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What’s new: Books by Lorrie Moore, Todd S. Purdum and Elaine Castillo

"See What Can Be Done" by Lorrie Moore (Knopf, April 2018). Credit: Alfred A. Knopf

SEE WHAT CAN BE DONE: Essays, Criticism, and Commentary, by Lorrie Moore. Better known as a fiction writer (“Who Will Run the Frog Hospital?,” “Birds of America”), Moore is also a crack reviewer and essayist. This collection assembles more than 60 pieces written over three decades; her subjects include Margaret Atwood, Stephen Sondheim, “Friday Night Lights” and Hillary Clinton. (Knopf, $29.95)

SOMETHING WONDERFUL: Rodgers and Hammerstein’s Broadway Revolution, by Todd S. Purdum. If you need proof that Richard Rodgers and Oscar Hammerstein wrote top-shelf musical theater, go see the revival of their 1945 “Carousel” on Broadway. Then read this account of the collaboration to learn just how the creators of “Oklahoma!,” “The King and I” and “The Sound of Music” did it. (Henry Holt, $32)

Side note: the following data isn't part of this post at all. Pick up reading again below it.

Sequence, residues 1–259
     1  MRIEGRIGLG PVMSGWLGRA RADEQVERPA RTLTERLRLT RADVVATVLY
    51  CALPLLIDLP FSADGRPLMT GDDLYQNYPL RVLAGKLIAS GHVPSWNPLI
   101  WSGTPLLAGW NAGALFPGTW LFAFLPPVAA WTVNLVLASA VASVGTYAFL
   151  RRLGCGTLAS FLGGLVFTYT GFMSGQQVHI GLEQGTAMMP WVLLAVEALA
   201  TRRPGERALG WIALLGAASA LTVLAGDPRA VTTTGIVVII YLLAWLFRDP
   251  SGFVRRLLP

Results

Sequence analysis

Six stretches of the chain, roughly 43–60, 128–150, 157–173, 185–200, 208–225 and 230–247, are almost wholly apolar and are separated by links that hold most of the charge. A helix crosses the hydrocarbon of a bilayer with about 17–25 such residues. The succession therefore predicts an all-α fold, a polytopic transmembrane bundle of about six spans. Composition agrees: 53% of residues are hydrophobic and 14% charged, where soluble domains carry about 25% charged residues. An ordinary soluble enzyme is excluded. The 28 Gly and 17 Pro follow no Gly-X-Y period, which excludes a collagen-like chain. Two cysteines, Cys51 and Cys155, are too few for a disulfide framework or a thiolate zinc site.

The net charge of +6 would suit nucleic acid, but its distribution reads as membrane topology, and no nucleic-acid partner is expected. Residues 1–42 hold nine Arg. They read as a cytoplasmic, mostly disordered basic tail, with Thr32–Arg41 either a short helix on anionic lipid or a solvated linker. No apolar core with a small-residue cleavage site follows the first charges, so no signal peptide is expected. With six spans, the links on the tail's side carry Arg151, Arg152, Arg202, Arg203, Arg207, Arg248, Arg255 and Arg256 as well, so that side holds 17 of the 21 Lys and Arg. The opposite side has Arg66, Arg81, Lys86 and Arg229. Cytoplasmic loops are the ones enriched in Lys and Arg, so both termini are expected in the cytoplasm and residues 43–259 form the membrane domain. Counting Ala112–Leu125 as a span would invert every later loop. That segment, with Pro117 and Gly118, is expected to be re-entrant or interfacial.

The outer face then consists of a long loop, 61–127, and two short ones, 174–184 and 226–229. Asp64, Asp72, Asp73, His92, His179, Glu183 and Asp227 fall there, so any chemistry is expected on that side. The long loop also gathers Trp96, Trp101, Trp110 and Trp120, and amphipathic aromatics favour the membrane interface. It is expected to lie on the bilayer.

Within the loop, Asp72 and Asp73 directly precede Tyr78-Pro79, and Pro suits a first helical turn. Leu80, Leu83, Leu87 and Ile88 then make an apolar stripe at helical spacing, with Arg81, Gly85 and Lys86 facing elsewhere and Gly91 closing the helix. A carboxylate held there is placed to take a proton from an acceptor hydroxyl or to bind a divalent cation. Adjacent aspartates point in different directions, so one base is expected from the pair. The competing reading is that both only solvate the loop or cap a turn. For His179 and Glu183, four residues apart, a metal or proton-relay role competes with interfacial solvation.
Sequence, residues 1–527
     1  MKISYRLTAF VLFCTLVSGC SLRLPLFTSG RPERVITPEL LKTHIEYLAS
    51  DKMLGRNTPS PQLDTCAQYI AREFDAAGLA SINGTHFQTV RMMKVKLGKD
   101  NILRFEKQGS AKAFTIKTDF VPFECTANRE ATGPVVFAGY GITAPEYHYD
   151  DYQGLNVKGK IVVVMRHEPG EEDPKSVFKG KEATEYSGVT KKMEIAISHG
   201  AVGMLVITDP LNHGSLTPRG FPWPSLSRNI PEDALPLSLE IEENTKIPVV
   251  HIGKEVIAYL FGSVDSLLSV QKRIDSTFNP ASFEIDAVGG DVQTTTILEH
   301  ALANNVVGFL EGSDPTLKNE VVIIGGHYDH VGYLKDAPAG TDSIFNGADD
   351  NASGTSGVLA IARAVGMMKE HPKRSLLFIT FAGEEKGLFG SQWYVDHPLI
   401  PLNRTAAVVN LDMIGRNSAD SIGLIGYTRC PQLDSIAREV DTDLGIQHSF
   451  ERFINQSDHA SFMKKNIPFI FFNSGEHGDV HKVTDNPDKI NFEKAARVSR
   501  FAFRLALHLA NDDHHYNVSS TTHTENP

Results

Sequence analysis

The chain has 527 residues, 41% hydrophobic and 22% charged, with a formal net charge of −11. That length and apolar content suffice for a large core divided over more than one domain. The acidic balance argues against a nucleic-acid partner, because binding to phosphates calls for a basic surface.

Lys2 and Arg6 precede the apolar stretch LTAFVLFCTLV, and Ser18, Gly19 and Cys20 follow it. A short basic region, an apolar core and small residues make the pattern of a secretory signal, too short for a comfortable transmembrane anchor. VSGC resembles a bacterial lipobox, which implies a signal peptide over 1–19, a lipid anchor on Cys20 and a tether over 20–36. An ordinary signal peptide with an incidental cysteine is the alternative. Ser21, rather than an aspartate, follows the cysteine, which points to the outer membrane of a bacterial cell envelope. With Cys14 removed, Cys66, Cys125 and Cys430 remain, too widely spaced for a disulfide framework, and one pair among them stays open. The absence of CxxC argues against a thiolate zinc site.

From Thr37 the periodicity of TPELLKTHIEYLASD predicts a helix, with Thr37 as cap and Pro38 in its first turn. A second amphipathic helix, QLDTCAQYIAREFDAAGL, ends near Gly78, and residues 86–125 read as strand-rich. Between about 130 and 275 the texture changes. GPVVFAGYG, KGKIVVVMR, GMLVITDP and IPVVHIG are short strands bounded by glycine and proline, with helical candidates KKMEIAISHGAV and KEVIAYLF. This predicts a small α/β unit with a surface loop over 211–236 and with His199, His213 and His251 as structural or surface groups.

AMERICA IS NOT THE HEART, by Elaine Castillo. Fiction about the Filipino diaspora in America is not exactly abundant. (You can start with books by Jessica Hagedorn and Mia Alvar.) So this debut novel, centered on Hero de Vera, a Filipina rebel who flees to California, is a welcome addition. Hero’s journey of survival and self-discovery brings a family and a community to life. (Viking, $27)

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